The 'relative strength indicator': A useful tool for timing trades

Knowing when to buy or sell an asset can be as important as knowing how cheap or expensive it is. Here, Tim Bennett explains the momentum indicator that tells you when to trade.

Updated October 2019

At MoneyWeek, we are big fans of value investing buying stocks, sectors or even entire markets when they are cheap, as indicated by key ratios such as price/earnings (p/e) or dividend yield. But when it comes to timing a decision to buy or sell, momentum' indicators can also be useful. One such popular measure, highlighted by Big Picture blogger Barry Ritholtz, is the relative strength indicator (RSI).

What is the RSI?

The RSI calculation is fiddly, but you don't need to do it yourself any good charting package will do it for you. However, it is worth understanding how it is put together, so that you know what you're using. The basic calculation is: 100 (100/(1+RS)). RS represents the average gain over a selected number of trading periods, divided by the average loss over those periods.

Here's a simplified example. Let's say that over a given period the FTSE 100 gains an average of 50 points per winning session, and loses an average of 20 points per losing session. The RSI is 100 (100/(1+50/20)), which is 71.

The closer to 100 the reading is, the more overbought the index is. The closer to 0, the more oversold. Measured over a number of sessions (to smooth out the data), an RSI over 70 puts you in overbought territory and a reading below 30 is oversold, according to J Welles Wilder, who came up with the measure in the 1970s.

As with all measures, there are some pitfalls to be aware of. One is the number of trading periods used to measure average gains and losses Wilder recommended at least 14. As a rule, the more sessions you use, the greater the smoothing effect and the less likely the RSI is to hit overbought and oversold levels.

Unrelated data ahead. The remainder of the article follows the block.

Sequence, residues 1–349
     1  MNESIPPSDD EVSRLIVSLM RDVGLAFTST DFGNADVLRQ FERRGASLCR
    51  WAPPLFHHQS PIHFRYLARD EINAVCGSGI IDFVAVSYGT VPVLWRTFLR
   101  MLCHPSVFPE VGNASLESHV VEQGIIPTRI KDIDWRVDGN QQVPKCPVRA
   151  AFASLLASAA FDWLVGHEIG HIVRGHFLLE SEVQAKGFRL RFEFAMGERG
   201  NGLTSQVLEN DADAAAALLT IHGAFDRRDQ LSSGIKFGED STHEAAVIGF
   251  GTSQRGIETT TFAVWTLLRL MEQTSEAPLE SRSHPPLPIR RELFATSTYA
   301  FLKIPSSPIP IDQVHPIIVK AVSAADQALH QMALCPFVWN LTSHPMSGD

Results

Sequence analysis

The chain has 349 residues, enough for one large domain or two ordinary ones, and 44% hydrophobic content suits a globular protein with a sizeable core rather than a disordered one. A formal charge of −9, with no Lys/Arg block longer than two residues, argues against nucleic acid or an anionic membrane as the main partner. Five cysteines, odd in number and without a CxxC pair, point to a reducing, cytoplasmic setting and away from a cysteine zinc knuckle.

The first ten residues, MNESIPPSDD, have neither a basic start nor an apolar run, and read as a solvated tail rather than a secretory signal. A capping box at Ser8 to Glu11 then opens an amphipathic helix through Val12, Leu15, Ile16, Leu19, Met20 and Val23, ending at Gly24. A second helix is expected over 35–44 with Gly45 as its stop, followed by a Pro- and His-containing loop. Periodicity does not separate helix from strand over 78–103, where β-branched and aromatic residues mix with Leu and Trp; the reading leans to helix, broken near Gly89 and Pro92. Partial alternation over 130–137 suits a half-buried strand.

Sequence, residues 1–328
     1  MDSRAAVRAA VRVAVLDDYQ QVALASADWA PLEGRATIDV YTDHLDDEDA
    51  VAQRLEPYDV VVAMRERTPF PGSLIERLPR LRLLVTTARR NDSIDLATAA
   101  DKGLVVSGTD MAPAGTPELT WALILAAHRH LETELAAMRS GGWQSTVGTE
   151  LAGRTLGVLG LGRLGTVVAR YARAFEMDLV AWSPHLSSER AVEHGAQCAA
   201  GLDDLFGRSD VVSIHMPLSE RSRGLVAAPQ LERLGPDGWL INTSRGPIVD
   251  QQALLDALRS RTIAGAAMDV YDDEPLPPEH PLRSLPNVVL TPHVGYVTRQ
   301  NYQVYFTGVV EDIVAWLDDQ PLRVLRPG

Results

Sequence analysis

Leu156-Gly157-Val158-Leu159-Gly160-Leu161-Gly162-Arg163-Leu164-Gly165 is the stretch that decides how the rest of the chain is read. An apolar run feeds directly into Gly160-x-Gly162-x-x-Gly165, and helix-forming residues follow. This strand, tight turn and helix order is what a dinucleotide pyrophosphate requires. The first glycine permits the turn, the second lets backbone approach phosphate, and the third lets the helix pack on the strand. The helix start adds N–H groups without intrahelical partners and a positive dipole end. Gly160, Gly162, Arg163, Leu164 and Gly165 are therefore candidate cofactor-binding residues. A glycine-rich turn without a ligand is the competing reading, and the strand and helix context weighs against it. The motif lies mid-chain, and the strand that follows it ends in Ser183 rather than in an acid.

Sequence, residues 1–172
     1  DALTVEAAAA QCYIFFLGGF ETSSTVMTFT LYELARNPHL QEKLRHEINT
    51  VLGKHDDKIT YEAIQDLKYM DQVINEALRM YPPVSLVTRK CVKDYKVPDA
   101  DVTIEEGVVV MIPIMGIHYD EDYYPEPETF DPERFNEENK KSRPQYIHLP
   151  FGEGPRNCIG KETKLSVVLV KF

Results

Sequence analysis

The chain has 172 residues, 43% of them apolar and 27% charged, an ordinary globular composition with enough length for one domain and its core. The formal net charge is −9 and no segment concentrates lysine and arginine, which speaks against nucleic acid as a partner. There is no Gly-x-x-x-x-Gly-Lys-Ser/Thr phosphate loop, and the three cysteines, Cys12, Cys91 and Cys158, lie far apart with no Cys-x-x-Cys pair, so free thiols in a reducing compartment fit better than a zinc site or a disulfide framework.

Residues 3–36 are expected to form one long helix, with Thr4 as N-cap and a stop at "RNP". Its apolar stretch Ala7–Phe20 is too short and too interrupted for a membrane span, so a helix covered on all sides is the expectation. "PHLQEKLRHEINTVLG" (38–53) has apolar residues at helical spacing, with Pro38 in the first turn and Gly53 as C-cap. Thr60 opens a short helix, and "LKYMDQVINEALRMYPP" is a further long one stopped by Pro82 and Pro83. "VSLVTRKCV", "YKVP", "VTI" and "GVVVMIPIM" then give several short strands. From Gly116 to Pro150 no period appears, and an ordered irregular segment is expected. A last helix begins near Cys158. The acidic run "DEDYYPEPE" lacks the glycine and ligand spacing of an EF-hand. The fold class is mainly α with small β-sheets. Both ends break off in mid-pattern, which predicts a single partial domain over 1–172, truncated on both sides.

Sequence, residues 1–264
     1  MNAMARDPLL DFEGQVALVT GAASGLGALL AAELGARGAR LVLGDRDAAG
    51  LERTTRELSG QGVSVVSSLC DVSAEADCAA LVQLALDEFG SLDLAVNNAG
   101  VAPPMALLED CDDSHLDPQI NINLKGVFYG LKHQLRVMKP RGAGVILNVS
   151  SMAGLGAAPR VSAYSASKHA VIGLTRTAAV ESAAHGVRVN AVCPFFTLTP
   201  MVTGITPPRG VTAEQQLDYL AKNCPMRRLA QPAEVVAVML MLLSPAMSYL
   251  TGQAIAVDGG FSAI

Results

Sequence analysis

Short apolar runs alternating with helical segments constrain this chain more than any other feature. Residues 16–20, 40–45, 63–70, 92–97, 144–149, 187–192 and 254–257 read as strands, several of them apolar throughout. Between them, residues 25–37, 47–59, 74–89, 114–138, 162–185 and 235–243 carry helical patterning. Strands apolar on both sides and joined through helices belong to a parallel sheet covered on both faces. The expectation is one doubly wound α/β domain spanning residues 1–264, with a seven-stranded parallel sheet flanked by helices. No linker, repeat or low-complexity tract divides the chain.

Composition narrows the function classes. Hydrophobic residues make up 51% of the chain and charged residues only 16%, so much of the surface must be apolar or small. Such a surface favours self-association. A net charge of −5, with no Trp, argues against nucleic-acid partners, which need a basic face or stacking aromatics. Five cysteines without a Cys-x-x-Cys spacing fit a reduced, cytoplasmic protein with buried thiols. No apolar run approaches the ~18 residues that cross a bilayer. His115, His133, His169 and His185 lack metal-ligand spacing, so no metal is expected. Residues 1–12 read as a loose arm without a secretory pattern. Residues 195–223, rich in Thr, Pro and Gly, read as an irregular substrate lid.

So, the more volatile the share or index, the further you should extend the calculation, to avoid constant buy' and sell' signals that could have you wipe out most of your trading gains in trading costs.

Recommended

Expect more turbulence as the market calls central bankers’ bluff
Stockmarkets

Expect more turbulence as the market calls central bankers’ bluff

With bond yields climbing and stockmarkets sliding, markets are hoping central bankers will step in again to repress interest rates – but that won’t …
26 Feb 2021
The MoneyWeek Podcast: strategic metals, the commodities supercycle and the electrified future
Commodities

The MoneyWeek Podcast: strategic metals, the commodities supercycle and the electrified future

John Stepek talks to Dr Paul Jourdan, CEO of Amati Global Investors, about investing in the metals needed for the post-oil electrified world, the impo…
26 Feb 2021
Our trade of the decade came good – what’s next?
Investment strategy

Our trade of the decade came good – what’s next?

Back in 2010 we said you should invest in unloved and undervalued Japanese stocks. If you had done that, you’d have made a nice return. So what should…
25 Feb 2021
Great frauds in history: Helmut Kiener, Germany’s mini-Madoff
People

Great frauds in history: Helmut Kiener, Germany’s mini-Madoff

The performance of Helmut Kiener’s fund of funds, which invested money from institutions and private investors into hedge funds, seemed too good to be…
25 Feb 2021

Most Popular

The days when you could get 7% from your bank are long gone – so what do you do?
Bitcoin

The days when you could get 7% from your bank are long gone – so what do you do?

With interest rates at rock bottom for so long, we’ve been forced to move from saving to speculating to earn any sort of return. Dominic Frisby asks w…
24 Feb 2021
Why you should still put money into a cash Isa
Cash ISAs

Why you should still put money into a cash Isa

Interest rates may be lousy, but tax-free saving into a cash Isa is still a good idea.
23 Feb 2021
Are we heading for another bond market tantrum?
Government bonds

Are we heading for another bond market tantrum?

The last time the US central bank tried tightening the purse strings, the bond markets threw a tantrum. With yields now rising, could we be about to s…
25 Feb 2021